My can can’t

A toilet is one of those things you never really appreciate until it refusesto cooperate, a bit like a spouse. In fact it’s quite a surprise that atoilet goes on as long as it does, carrying out its thankless task withoutprotest when you consider it always sees the worst in people. On the rareoccasion it isn’t getting mooned and finally does sees a friendly face, it’susually to do with food poisoning or excessive alcohol consumption and merelyprecedes another in-your-face delivery.

Our toilet, though, recently burped, coughed, spluttered and then threatenedto blow, which prompted me to do the unthinkable and open up the manhole totake a closer look.

We’re newly moved in and one thing the brochure didn’t tell us was that thehouse had a history of sewerage problems, namely the system backing upregularly. I’m sure a creative realtor could have made that into a sellingpoint, such as “luxury whirlpool-style flushing toilets with addedclimate-change simulators: feel genuine concern over ever-rising waterlevels” but no, this was an unexpected bonus for us.

After multiple call-outs of various friendly drainage chaps to unblock thesewer — all of whom helpfully said that they would have checked the drainsbefore buying a house — I decided there had to be something more going onthan, say, my kids flushing Teddy down the loo. Besides, I’d have noticed ifTeddy had gone missing.


So it was that a camera crew showed up to perform the equivalent of aColonoscopy. In went a camera on the end of a tube, ostensibly to filmwhatever it was that was upsetting our toilet. I had visions of tree roots ormaybe a smiling alligator waving at the camera but, unfortunately, no one hadgiven us a “nil by mouth” instruction concerning the toilet so the cameracrew couldn’t see anything down there due to the murk.

They did point to clay on the end of the camera and said that this indicatedthat the pipe had collapsed. Excitedly noticing a patched-up piece of asphalton the road, they declared that that must be the cause of the problem andwhoever had patched the road must have damaged the pipe. Thankyou and goodbye. Having paid for this, I was somewhat underwhelmed. Insteadof having a clear picture of what was causing the problem, I’d ended up withScooby and Shaggy solving the case by pointing at the pavement.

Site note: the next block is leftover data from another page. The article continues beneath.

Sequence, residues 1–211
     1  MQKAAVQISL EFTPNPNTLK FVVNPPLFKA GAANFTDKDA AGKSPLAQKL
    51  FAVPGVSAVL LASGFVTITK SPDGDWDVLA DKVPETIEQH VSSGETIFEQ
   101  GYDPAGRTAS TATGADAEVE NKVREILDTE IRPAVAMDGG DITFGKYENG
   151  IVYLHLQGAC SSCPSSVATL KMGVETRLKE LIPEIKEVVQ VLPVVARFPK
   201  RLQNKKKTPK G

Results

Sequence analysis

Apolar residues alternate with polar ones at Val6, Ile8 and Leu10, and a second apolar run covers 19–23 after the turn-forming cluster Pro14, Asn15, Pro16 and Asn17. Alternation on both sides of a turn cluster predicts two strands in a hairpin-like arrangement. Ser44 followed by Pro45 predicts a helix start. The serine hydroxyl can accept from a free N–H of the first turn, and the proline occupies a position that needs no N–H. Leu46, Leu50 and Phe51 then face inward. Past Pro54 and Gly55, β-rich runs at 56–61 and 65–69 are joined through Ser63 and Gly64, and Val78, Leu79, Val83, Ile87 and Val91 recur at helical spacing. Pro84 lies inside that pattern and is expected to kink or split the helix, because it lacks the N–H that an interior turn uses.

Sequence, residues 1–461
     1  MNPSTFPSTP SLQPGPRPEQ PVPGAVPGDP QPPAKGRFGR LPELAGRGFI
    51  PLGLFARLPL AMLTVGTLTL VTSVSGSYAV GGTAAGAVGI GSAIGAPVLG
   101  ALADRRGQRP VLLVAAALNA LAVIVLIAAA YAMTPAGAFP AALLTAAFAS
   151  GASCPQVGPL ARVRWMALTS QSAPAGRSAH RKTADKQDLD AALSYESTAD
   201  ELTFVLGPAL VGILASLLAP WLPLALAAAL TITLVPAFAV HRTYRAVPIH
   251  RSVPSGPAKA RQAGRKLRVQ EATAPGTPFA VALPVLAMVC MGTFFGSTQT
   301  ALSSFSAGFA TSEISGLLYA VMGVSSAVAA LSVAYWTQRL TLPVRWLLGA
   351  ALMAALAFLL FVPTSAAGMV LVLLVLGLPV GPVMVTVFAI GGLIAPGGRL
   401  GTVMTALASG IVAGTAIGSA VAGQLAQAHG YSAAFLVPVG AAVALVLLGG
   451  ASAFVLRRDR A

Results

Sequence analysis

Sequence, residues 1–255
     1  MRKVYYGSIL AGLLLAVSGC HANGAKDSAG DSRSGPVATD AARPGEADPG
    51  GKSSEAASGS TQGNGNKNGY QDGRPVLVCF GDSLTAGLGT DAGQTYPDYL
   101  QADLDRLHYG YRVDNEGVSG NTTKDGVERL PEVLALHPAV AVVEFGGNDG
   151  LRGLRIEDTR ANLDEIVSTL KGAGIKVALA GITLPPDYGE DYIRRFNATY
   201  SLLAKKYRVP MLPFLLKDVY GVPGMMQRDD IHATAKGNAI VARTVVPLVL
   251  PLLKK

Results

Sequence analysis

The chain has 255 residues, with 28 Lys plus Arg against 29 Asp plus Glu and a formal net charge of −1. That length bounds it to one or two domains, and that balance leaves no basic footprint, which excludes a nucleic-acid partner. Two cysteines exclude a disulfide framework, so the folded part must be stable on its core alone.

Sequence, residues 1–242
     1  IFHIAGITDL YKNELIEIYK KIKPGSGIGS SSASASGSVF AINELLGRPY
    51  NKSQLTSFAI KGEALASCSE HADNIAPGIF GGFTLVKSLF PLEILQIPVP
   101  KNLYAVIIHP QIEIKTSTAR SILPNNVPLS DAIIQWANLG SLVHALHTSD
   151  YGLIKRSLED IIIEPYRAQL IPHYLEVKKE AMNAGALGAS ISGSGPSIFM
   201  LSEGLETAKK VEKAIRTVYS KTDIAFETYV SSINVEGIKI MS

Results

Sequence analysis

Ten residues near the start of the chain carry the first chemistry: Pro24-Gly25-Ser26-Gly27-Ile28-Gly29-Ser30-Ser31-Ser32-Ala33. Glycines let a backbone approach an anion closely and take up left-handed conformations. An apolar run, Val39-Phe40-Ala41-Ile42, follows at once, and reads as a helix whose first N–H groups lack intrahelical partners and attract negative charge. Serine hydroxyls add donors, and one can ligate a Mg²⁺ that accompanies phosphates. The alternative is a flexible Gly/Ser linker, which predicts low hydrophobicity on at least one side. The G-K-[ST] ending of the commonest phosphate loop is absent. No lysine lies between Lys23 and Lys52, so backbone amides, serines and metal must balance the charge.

Next stop was our insurer, who initially dodged the claim by citingnon-accidental damage. “But how do you know the damage is non-accidental ifyou don’t even know what the damage is or what caused it?” I asked. “What ifthe road works were done to fix an earlier problem of the same type and thisis a recurrence?” At this point they hid behind the report saying that theroad scarring was the cause. Evidently, I would have to find out who had donewhat to the road if I wanted this fixed, and the sight of our toilet fillingup ominously every time we flushed was a constant reminder, like one of thosemultiple cliffhangers on 24.

One trip to City Hall and a whole lot of phone calls later, I was able toexplain to my insurer that it was the water company that had dug the hole inthe road back in April 1999, and it was unlikely that they would collapsetheir own pipe or that it would wait six years to throttle our toilet, so itmust be something else. It’s at times like this that I’m tempted to bluffthat I’m a lawyer and that they had better sort it out or else, beforedeciding against it in case they put a real lawyer on the phone to discusslegal action with me.

Fortunately, my powers of persuasion prevailed, they sent out a repair crew. They opened up the road to find that a gas company had punched a gas piperight through our sewer and that this was the cause of our problems. The gascompany duly paid for the repairs and our toilet is happy once again in spiteof continuing to get a bum deal. Still, at least it no longer has gas.

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